You’ve also got your Christmas show coming up at Gruene Hall in December. What happens at those? Do you dress up and sing carols all night or something?
No, we just do the regular stuff. A lot of people bring Santa Claus hats and red scarves and stuff. We just do a regular show, but I mix in a few Christmas songs, like “I’ll Be Home for Christmas,” “Jingle Bells,” “Rudolph.” What else? “I’m Dreaming of a White Christmas,” that one. About four or five songs, whatever we can remember. It’s usually the third verse of a Christmas song no one can remember. After that, in the last week of January and the first week of February we have our Belize getaway, and then the birthday stuff in March. And the rest of the stuff is just corporate outings and a few places that we’ve always played that we still play. If any place is a big hassle, we just don’t do it. The corporate stuff is usually pretty nice, because they’re usually organized by people who start out as my fans who now own or run things. So those are never a hassle. The shows start at a decent hour and people are having dinner or drinking wine, so they’re in a good mood. I mean, at this point in my career, it’s somebody else’s turn to go out and play late at night at bars and stuff.
Your last studio album was 2003’s Jerry Jeff Jazz, which was a bunch of standards that seemed perfectly suited for a more mellow crowd like that. Have you been writing or thinking of recording anything since then?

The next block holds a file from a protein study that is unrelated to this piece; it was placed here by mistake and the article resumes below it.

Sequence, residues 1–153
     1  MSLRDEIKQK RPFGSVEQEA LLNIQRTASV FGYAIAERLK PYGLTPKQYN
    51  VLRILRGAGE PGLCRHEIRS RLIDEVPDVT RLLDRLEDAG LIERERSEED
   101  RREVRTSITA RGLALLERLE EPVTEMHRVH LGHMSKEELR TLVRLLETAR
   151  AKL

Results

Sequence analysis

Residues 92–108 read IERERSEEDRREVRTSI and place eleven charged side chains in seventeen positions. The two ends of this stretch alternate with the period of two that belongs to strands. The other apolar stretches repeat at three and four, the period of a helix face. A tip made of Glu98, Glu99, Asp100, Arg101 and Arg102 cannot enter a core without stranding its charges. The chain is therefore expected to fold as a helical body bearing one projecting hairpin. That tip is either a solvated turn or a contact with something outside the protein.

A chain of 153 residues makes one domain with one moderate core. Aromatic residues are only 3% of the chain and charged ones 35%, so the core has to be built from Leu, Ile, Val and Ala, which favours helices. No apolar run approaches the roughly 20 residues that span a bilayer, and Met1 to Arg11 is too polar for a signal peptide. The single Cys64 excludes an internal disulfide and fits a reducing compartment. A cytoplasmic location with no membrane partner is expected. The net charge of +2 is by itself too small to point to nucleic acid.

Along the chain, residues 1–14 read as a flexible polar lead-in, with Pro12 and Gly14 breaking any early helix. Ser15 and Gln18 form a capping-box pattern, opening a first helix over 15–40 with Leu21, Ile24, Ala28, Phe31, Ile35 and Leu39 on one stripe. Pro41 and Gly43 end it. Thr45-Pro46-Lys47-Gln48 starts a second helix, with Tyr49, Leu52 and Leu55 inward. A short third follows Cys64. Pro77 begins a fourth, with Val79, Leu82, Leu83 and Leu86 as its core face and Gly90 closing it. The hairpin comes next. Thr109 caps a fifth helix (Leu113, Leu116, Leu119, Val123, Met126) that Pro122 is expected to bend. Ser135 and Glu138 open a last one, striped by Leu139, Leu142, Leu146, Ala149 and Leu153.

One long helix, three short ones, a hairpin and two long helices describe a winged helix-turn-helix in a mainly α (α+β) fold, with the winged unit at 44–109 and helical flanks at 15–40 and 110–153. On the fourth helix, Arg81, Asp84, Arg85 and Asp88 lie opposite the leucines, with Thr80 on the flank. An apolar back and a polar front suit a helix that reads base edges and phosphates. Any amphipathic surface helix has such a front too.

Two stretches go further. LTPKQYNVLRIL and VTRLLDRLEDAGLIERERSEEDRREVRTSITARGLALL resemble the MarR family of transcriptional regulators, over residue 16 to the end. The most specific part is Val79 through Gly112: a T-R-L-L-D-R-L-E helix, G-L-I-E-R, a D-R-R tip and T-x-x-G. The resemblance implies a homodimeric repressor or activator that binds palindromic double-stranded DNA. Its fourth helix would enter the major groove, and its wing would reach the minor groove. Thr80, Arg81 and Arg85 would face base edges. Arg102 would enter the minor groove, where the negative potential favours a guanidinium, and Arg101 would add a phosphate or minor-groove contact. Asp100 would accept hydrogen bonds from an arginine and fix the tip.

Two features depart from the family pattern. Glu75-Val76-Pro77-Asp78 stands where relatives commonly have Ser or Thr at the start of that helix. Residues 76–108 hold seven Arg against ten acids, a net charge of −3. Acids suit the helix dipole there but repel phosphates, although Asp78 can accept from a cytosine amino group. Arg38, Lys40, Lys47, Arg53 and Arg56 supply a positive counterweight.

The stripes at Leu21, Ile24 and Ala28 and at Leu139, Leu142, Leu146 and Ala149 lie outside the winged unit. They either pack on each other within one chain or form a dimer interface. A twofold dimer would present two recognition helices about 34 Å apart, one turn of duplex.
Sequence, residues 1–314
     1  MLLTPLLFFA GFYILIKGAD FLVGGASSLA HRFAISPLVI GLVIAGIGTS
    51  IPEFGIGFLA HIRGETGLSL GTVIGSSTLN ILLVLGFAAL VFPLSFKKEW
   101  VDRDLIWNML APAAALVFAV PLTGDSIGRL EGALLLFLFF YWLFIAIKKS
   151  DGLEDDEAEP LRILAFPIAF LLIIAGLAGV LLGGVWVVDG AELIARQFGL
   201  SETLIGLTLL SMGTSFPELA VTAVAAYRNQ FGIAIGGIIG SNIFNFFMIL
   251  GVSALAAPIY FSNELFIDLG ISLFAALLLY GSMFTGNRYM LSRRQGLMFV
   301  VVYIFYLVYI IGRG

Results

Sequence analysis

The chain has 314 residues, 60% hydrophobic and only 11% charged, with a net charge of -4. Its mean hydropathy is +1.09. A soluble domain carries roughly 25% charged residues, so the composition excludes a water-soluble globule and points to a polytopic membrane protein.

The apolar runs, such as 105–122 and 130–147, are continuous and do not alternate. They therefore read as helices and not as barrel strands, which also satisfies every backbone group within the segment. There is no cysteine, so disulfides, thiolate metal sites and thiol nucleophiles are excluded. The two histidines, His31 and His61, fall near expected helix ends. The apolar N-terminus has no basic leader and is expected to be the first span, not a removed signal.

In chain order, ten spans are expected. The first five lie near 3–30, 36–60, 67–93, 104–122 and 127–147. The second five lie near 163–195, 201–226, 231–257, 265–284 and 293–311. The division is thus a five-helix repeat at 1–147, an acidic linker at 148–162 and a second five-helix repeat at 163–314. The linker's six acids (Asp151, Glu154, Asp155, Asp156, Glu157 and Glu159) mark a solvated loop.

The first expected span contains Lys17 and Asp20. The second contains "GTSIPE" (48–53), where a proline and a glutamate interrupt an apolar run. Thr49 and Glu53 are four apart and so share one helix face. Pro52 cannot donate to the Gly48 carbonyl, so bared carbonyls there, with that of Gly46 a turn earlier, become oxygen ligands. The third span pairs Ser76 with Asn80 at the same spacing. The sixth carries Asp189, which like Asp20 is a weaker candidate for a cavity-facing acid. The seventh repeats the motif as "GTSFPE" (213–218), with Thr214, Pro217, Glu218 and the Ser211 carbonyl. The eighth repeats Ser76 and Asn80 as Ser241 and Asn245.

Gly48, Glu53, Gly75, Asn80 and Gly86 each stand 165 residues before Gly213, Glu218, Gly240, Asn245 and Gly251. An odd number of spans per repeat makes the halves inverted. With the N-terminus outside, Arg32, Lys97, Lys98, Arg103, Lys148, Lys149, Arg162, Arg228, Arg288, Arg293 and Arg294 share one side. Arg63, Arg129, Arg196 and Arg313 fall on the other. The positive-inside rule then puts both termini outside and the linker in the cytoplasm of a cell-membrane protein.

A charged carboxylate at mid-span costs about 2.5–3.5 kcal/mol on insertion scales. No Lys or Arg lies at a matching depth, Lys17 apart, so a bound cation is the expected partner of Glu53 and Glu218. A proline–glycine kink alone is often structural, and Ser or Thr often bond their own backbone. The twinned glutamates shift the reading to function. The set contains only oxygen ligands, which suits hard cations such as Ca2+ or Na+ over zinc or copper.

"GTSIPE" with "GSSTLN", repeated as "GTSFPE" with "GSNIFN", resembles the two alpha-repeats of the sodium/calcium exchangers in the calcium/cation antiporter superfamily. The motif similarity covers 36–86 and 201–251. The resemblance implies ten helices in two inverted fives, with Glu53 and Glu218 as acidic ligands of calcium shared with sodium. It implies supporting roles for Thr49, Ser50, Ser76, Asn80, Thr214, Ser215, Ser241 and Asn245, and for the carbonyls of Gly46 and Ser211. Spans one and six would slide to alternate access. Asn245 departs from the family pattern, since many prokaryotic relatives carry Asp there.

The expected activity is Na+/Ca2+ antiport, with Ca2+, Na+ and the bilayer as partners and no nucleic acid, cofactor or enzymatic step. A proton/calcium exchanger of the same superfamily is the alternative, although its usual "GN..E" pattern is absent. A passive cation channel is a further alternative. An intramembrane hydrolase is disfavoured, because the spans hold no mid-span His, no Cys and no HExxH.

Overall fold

I’m pretty close to making another record. I don’t know what it’s going to be yet, but there’s a lot of odds and ends laying around. I wrote an anniversary song for my mom and dad, and I wrote one for my daughter’s wedding; she’s getting married on Nov. 17, and I’m gonna go record the song this morning so we can put it in everybody’s packages. And I also wrote kind of a wild, controversial kind of protest song called “The Right Has Kidnapped Jesus and They’ll Never Give Him Back.” Which is about all these preachers going on TV and preaching from the senate, opening all the White House meetings with a Bible in their hand. How did this happen? We started this country with the separation of church and state, because people left Europe because a king or priest had always kept you under their thumb there. So that’s the general idea of that song, but I don’t know where I’ll put it yet.
“The Right Has Kidnapped Jesus and They’ll Never Give Him Back” kind of sounds like an old Kinky Friedman song. Speaking of whom … are you on the Kinky for Governor bandwagon yet?
You know, I haven’t been informed yet. But this weekend I’m going out to hear more about what he’s got to say at some golf tournament out at Willie World. I think I’m just going to go ride around in a cart all day with Kinky, because I don’t play golf anymore.